The U.S. Army Corps of Engineers, in partnership with the Texas General Land Office, began an examination in November 2015 of the feasibility of constructing projects for coastal storm risk management and ecosystem restoration along the Texas Coast.
The Coastal Texas Protection and Restoration Feasibility Study, also known as the Coastal Texas Study, will involve engineering, economic and environmental analyses on large-scale projects, which may be considered by Congress for authorization and funding.
The feasibility study and report will be complete in 2021. The Coastal Texas Study recommendations will enhance resiliency in coastal communities and improve our capabilities to prepare for, resist, recover and adapt to coastal hazards.
Altus Air Force Base is home to the 97th Air Mobility Wing. The 97th AMW plans and executes C-17, KC-135 formal school initial and advanced specialty training programs for up to 3,000 students annually.
In addition, the 97th AMW sustains C-17, KC-135 airland, airdrop and air refueling mobility forces, and provides air traffic control and weather forecasting for flying operations.
In May, 2018, the Tulsa District, U.S. Army Corps of Engineers began replacing the assault landing zone at Altus. Pilots at Altus AFB use this runway to train in assault landing zone procedures.
The overall contract is for demolition and repair of Assault Landing Zone Runway with Portland Cement Concrete. The repair will include replacing the existing Asphaltic Cement Concrete with PCC.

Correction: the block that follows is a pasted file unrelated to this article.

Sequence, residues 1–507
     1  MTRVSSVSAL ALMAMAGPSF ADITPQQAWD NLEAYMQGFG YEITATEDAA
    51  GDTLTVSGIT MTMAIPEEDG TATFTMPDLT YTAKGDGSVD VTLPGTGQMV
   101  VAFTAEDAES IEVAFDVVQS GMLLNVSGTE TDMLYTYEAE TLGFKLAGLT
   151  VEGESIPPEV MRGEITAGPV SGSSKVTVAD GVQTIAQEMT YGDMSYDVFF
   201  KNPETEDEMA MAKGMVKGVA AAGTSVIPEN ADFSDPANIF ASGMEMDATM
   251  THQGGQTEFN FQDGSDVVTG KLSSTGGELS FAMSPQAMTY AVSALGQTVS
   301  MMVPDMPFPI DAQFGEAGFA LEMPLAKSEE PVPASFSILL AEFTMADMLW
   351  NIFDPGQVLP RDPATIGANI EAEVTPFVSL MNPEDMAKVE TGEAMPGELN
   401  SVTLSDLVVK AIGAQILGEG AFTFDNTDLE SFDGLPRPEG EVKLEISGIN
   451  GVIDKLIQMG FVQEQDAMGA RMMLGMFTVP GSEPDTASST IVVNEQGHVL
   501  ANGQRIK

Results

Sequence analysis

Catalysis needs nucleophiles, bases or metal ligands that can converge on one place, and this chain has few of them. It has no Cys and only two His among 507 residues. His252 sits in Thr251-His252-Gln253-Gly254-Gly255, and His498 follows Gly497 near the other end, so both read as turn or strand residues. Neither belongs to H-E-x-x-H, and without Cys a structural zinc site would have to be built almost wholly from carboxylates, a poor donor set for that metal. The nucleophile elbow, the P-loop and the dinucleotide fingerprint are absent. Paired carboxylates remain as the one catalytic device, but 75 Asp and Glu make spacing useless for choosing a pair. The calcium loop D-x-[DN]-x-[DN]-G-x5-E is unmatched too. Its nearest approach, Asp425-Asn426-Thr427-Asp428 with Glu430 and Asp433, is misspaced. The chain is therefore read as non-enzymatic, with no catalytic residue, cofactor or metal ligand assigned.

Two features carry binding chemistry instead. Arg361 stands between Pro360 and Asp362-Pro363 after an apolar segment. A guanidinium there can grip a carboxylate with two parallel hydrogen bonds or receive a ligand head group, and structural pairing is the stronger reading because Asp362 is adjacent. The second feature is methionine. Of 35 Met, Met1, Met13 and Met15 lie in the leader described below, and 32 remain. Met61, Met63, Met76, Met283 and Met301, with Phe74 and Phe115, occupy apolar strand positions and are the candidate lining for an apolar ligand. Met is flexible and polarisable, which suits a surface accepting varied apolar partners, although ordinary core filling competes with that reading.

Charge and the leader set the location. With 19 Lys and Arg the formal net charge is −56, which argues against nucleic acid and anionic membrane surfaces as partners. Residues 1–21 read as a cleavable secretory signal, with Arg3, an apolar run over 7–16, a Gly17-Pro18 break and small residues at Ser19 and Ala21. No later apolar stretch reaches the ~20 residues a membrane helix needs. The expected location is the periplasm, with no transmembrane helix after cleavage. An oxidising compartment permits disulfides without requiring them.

Requirement consists of 41,000 square yards of runway, 20,212 sy of shoulder, and 9,675 sy of overrun area.
During the 152 day construction phase of the Altus Air Force Base Assault Landing Zone, multiple features of work will be accomplished.
Work will include PCC demolition, ACC demolition, excavation, grading, electrical work, underdrain inspection, asphalt drainage layer installation, PCC paving, asphalt paving shoulder/overrun, and airfield markings.
Core samples were taken as part of the evaluation of the initial concrete test section. Three days after completion of the test section, eight core samples at least six inches in diameter by full depth cut from selected points were taken. The cores will be evaluated for surface paste, uniformity of aggregate distribution, segregation, voids, and thickness.
Concrete will be produced for the Altus ALZ project from one of its two Vince Hagan batch plants. The Hagan plants are identical with a capacity of 1.0 — 11.0 cubic yards per cycle.
“The plant is complete with feed bins, conveyors, weigh scales, cement and fly ash storage, admixture storage and control, batch mixer, and a control shack. A portable generator is provided for site power with access to various chillers and water heaters for temperature control if required,” said Aaron Trice, Tulsa District site Quality Assurance Representative.
According to Trice, “A portable asphalt plant has also been erected on-site at Altus AFB to complete the asphalt paving requirements of the contract. The plant is complete with feed bins, asphalt oil storage, lime and mineral filler silos, load out hopper with certified weigh scales, and bag house for particulate control.”
“With the presence of onsite plants, a construction site will benefit from a constant supply of concrete and asphalt. A steady supply of both is key to ensuring the construction site is as productive as possible,” stated Trice.
“Relying on a concrete supplier to deliver concrete to your site can result in delays. With your own onsite plants, you can ensure that your material is mixed to the exact specifications and quantities required.”
The new assault landing zone at Altus AFB is expected to be complete in early 2019 at a total cost just under $12 million.